Children need parents to be parents—and when parents try to dodge parenting altogether and instead become a friend, the results are disastrous. For toxic parents this can include dressing like their child, befriending their child’s friends (to an inappropriate degree), and even disclosing too much personal information to their child at a young age.
Codependency between a parent and child sets up an unhealthy dynamic in which the child feels guilty for outgrowing the parent (something that is natural and healthy), and the parent refuses to find companions within their own age group. The roles of parent and child need to be firmly in place with clear boundaries in order for a child to feel comfortable and grow to be a mentally healthy adult.
BY JEN BABAKHAN
A parent should be the one person a child feels he can talk to about anything, while at the same time being the person who sets the rules, boundaries and expectations for behaviors.
This structure is what provides children with a sense of safety and belonging.
If done well, this is how an open relationship between parent and child is established. When a child breaks the rules, boundaries and expectations (as they are sure to do – this is how they learn), it is the job of the parent to give the child consequences for those behaviors, while using the experience as a teachable moment.
How can we learn from this? How can we do better next time?
Our job as parents is to prepare our children for life. To be able to talk with our children about real issues, with the intention of teaching them life skills so they, and we, will feel confident that when they go out on their own, they will be best able to make the safest and smartest choices. “Friends” do not have that type of relationship; active parents do.
But when I asked some mom friends for their thoughts, I was surprised at how many disagreed with me. They want to be their child’s friend. I was told that if I was friends with my child, they would tell me everything. Other said they wanted to be a “cool” mom, and that they wanted their child’s friends to think they were “cool.”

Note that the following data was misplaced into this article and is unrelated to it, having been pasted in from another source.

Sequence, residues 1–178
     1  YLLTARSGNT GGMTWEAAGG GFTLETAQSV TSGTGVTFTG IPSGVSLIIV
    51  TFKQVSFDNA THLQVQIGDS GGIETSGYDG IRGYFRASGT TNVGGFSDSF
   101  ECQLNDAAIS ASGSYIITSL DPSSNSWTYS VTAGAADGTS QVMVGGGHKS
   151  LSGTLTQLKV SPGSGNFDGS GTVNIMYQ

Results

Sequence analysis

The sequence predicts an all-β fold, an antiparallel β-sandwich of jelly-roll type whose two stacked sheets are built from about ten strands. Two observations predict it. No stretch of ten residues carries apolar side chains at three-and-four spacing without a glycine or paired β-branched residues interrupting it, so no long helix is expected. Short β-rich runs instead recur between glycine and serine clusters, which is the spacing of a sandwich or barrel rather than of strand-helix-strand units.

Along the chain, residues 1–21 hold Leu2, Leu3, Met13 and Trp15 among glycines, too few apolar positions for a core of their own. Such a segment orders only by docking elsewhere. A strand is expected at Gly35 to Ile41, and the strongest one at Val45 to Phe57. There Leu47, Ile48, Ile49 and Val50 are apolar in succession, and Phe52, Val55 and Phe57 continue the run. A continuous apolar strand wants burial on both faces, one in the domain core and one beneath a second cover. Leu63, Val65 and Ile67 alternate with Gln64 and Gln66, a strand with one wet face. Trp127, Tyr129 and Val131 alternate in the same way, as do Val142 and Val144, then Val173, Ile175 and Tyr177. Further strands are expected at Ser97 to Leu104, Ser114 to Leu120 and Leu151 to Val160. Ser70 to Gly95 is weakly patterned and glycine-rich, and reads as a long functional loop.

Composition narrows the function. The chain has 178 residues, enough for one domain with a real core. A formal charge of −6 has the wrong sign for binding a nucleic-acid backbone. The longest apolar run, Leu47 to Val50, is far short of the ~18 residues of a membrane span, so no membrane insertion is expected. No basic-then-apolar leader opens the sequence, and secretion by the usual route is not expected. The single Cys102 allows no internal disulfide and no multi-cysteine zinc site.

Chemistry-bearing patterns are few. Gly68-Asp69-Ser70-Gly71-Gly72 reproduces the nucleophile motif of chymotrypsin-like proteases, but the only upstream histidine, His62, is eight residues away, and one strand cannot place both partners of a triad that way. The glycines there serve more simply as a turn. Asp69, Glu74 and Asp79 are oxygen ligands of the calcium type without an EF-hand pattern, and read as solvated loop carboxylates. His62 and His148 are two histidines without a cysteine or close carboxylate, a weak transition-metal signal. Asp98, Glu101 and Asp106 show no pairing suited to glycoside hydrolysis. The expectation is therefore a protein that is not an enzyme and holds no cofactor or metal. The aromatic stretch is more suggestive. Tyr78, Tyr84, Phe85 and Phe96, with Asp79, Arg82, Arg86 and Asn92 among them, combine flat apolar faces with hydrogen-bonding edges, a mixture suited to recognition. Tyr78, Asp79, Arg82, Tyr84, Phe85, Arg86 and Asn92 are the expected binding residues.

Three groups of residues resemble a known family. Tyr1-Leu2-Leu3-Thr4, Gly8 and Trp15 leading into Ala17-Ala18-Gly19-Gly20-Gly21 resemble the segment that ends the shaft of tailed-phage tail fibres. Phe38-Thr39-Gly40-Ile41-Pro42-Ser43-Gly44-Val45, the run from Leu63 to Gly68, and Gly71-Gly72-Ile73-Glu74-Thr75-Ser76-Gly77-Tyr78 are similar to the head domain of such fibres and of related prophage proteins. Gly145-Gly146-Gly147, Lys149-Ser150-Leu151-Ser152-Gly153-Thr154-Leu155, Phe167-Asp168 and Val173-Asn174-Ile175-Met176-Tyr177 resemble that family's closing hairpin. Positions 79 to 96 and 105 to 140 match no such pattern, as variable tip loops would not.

I asked what makes a “cool” mom, and my friends all said the same thing: not many rules (like staying up late watching TV, playing video games, computer, cell phone and texting without any rules or consequences for breaking those rules), not being “overprotective, ” letting their child go to the house of a friend they don’t know, letting them hang out at the mall at quite young ages (because everyone else is), letting them have a Facebook account before they are 13.
I could go on and on… and I realized I must be in the minority, because to me it sounded like a cool parent is a parent that lets their child run their house. Apparently cool parent doesn’t want to disappoint their child or deal with conflict and has a hard time saying no or setting limits.
Well, I guess I don’t fall under “cool” parent category!
My husband and I run our household. We set limits, have rules, boundaries and expectations. When those aren’t followed, my son knows the consequences. I love my son and I want him to be the “best” person he can be, I want him to make mistakes and learn from them, I want him to be good to others and treat others how he wants to be treated. Most of all I want him to be happy and comfortable with who he is as a person. And if he was running our house, how could we teach him these things? If he had no limits, what will he expect from others?
If “no” is not a word he ever hears, he will expect the world to always say “yes” – and boy will he be in for a shocker as he gets older!
If my son didn’t have to follow specific guidelines, what kind of person would I be preparing him to be in school, and more importantly, in life? So I tell my son, who I love more than anything, “I am better than just a friend, I am your mom, and proud of it.”
And P.S. sweetie, one day, you will thank me for it.
-All About Auspicious Living